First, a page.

I see this issue as another place where Blizzard is seemingly trying to assemble a standard format system but is missing or ignoring a few essential pieces. In Magic, the core sets are meant to define the foundation of the game, but they are not just a collection of cards that happened to be the first ones ever released. Instead, they are composed of cards carefully chosen for the format. These cards either didn't need to be removed or could prove useful to the new rotation given the fresh wave of new cards.

Instead Blizzard has chosen the easy shortcut of simply relying on the classic set which is likely going to be too monotonous. Which brings up the next issue.

 

Issue 4: Lost Progress

To say that the classic set is not equally made for all classes would be an understatement. Not a lot of people will remember the state of Paladin before Goblin vs Gnomes. Given the current age of justice, it almost sounds crazy that Uther was once the worst hero in Hearthstone at the end of the Naxx cycle. The classic set for Paladins severely lacked arsenal and paired with a horrible match-up against Miracle Rogue placed then on the bottom of the rankings. It was hindered by too many secrets and far too little secrets synergy.

A lot of what we saw from the cards released in Goblins vs Gnomes was progress towards evening out the difference in the quality of cards. Paladins needed the board control tools, because the class didn't have and never got any kind of burst combo that other classes relied on to finish out a game.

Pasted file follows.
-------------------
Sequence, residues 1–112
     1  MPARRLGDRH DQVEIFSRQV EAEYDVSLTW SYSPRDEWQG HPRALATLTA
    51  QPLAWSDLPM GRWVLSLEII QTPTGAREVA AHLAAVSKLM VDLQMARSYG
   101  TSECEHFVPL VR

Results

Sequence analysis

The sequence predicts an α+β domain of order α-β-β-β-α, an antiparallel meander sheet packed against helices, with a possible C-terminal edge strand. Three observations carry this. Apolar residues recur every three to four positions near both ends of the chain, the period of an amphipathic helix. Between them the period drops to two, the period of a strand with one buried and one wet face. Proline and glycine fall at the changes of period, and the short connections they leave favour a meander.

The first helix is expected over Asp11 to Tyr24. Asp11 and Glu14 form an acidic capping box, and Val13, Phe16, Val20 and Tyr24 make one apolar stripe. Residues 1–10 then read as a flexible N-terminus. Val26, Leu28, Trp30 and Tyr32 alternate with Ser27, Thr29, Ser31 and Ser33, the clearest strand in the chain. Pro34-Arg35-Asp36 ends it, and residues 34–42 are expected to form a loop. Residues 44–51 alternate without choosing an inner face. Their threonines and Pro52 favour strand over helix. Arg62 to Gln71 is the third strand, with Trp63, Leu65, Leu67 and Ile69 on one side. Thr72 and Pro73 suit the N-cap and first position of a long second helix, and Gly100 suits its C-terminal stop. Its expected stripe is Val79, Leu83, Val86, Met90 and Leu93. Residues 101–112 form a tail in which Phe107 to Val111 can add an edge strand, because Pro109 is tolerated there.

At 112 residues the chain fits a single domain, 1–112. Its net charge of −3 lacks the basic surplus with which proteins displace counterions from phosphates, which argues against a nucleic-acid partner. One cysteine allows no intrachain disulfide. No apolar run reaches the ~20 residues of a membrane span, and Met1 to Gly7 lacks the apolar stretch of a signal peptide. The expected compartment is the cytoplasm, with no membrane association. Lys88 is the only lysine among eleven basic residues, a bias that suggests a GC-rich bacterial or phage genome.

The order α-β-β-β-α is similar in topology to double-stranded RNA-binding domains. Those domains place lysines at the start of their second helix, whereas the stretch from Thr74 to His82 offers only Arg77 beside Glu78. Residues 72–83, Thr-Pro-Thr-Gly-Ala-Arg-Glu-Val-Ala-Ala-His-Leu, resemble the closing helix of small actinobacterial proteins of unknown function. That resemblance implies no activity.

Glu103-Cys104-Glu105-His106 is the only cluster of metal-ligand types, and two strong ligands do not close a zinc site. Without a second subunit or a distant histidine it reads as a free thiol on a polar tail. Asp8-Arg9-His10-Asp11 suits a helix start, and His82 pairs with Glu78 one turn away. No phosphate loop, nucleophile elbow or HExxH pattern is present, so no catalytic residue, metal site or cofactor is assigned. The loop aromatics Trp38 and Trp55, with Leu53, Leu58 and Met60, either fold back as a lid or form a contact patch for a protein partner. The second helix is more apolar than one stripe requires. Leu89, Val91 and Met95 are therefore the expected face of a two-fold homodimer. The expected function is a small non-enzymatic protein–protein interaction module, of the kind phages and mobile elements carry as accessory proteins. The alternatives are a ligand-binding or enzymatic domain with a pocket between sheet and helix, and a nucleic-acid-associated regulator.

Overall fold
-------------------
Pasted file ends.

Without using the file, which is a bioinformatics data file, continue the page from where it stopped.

This progress will ultimately have to be redone and there will be a lot of reinvented wheels in the process. Paladin is set to lose its most potent early drops and will likely need to see a lots of cards with similar purpose in the new set: a new 2-drop and a new value 3-drop for starters. Next year when [card]Mysterious Challenger[/card] and [card]Anyfin Can Happen[/card] get phased out, they are going to need brand new win conditions, too, while Warriors will still be smashing with [card]Grommash Hellscream[/card] and Handlocks will still be wrecking with their giants. 

According to Blizzard, the basic set is meant to serve as a foundation for Hearthstone, but in the case of Paladin, their classic arsenal is so lackluster that it serves more as bottomless pit for anyone who tries to invest into the class, because nothing of value will stick around. The entire identity of the class gets to be rotated every other year.

There is no apparent solution to this, or at least none that Blizzard is likely to use. The best one I can think of, aside from not using classic as a foundation, is to augment the classic set with one or more of the cards from Goblin vs Gnomes that have come to define the Paladin class. This could be done with some other classes as well, “uplifting” a card to classic if you will. This would mean that there would be bigger equality in the number of cards available through classic, but that's not necessarily a bad thing.

The world of Hearthstone didn't end when Hunters got an extra legendary in The Grand Tournament, and it will not end if Paladins are allowed to keep one card to maintain some identity and make up for the rest of their classic junk. My personal card of choice for such an uplifting would be [card]Quartermaster[/card]. While [card]Muster for Battle[/card] is being rotated out, it is still a safe bet that Paladins will be about spawning Silver Hand Recruits between [card]Silver Hand Regent[/card], [card]Justicar Trueheart[/card] and potentially some new spawn recruit cards in the spring sets.

The alternative is that Paladin in Hearthstone simply won't have any identity or foundation at all and every other year the class will feel completely different and be almost unrecognizable. Actually come to think of it that is extremely accurate to how the class feels to play in World of Warcraft. Maybe all of this is intentional.

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Stefan “Sumadin” Suadicani
Former Editorial for Gosugamers Hearthstone